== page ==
Development costs of vaccines and drugs are high and success is often uncertain. Pharmaceutical companies have used this to justify government enforced monopolies and per dose prices that are sometimes a 1000 times higher than the incremental cost of production. While this makes for good profits, it means severe lack of access in India, many African countries, and many excess deaths that could have been prevented. For years, India had what was called a process patent, not a product patent, which meant that if you could make a drug with a slightly different process, it would not get patent protection any more. How did this help India?

  1. Affordable drugs – Indian companies could make and sell drugs at a fraction of the cost without paying for drug development.
  2. Pharmaceutical Industry – This enabled the industry to grow and mature.

Of course, this also meant that India was considered an outlaw, and Indian pharmaceutical industry came under great pressure from the WTO to tighten patent laws, which it did. At the time, the concern (rightly) was that tightening patent restrictions would harm India’s pharmaceutical industry and reduce access to drugs. Has this come to pass? In some ways, yes. But the Indian pharmaceutical industry has also matured, and with government help, has been able to do its own development, clinical trials and production (which it was always good at). The focus on tropical diseases like rotavirus also means that US, European Companies, which have since moved away to treating chronic conditions like high cholesterol, erectile dysfunction, etc., have much more competition in the tropical diseases area and cannot charge premium prices to poor people any more.

So dear Canada, while you are negotiating with Europe about “free trade”, and trying to give European companies much greater patent protection for their drugs, know that this will very surely raise costs in the short term. Two important questions:

  1. Will Canada’s drug companies benefit?
  2. Will Canada’s consumers benefit?

Um, let’s take a look at Canada’s top 10 in 2009:


Rank Leading Companies Country Market Share (%)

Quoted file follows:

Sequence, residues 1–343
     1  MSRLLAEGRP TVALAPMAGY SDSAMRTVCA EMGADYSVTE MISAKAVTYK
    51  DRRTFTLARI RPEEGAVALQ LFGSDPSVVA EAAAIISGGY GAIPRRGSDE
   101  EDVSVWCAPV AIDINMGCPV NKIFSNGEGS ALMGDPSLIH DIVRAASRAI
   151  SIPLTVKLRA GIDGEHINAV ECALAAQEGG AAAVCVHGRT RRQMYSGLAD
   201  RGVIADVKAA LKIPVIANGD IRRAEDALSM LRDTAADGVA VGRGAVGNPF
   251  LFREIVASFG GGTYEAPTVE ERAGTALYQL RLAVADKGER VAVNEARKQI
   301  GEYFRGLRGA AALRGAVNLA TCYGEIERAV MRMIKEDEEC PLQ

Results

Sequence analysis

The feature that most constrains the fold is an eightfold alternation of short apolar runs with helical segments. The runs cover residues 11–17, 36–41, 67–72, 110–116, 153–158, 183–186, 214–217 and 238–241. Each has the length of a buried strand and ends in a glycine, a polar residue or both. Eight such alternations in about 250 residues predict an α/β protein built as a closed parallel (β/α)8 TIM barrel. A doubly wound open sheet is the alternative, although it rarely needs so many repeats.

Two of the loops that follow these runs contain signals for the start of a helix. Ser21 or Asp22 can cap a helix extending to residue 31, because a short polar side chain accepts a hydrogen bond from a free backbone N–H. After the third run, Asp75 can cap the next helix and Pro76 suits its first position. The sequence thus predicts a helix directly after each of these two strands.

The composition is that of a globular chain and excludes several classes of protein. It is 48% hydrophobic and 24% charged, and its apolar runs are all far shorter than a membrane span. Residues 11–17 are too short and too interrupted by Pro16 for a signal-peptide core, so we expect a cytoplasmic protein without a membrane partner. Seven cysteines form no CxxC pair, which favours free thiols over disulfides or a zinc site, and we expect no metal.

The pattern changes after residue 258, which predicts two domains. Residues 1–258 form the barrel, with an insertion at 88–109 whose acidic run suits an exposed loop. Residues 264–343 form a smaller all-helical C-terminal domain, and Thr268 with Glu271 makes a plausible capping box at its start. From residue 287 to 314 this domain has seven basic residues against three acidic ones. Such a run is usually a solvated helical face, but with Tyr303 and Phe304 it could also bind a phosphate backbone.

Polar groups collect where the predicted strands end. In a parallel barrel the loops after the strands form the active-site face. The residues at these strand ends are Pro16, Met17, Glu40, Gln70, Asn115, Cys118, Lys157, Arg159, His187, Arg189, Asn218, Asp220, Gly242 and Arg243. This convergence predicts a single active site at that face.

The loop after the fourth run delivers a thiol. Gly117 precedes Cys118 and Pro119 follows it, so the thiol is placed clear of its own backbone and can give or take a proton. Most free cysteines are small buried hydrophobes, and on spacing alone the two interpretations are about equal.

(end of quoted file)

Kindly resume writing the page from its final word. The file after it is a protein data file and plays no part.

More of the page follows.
1 Pfizer US 13.4
2 Apotex Canada 7
3 AstraZeneca UK 6.6
9 Merck US 6
4 Johnson & Johnson US 5.3
6 Novopharm (Teva) Israel 4.2
7 Novartis Switzerland 4
5 GlaxoSmithKline UK 4
8 Abbott US 3.9
10 Roche Switzerland 3.1
Source: IMS Health

There is one Canadian company in the top 10, and four European companies. Our pharmaceutical industry is not well positioned to be independent, or work to reduce Canadian drug prices, especially if laws strengthening patent protections for European companies come into effect. This will serve to weaken Apotex, and Canada does not have a big independent pharmaceutical company network born out of years of “isolation” to take advantage of any competition, or competitive advantages. So, while patent “reform” seems to not have hurt Indian industry as much as feared, it sure will hurt Canadian consumers.


Smoking ban for N.C. Bars and Restaurants

The bill approved Wednesday falls short of how it began: a total and sweeping ban on smoking in all public places. But the House's original bill left a wide loophole for bars, an exemption that worried restaurant owners who feared bars would steal late-night customers.

via House approves smoking ban for N.C. – Politics – News & Observer.

The bill (soon to become law) still contains the giant “private club” loophole I had mentioned earlier, so, 1.5 cheers. And strange exemption for cigar bars (where smoke is emitted), but not for hookah bars (where water filters quite a bit of the smoke).

Critically, as Laura Leslie pointed out, the law will allow local health officials to go above and beyond state law. So, a floor was established, not a ceiling, which is good. They were previously forbidden to enact any smoking bans. Now Chapel Hill/Carrboro can do what it has been wanting to do for years and finally kill smoking in all public places.

Circumcision and AIDS – Revisited


A post I wrote quite a while back on circumcision and AIDS remains my most commented post ever. In it (if you’re too lazy to click) I said that while research indicating a reduction in HIV infection in circumcised men was promising, there were a couple of concerns. One, that this could be a distraction from the single most effective prevention measure (no, not abstinence!), condom use. And two, that in certain cultures, especially among Hindus, this would be an absolute no no because circumcision is identified with being Muslim.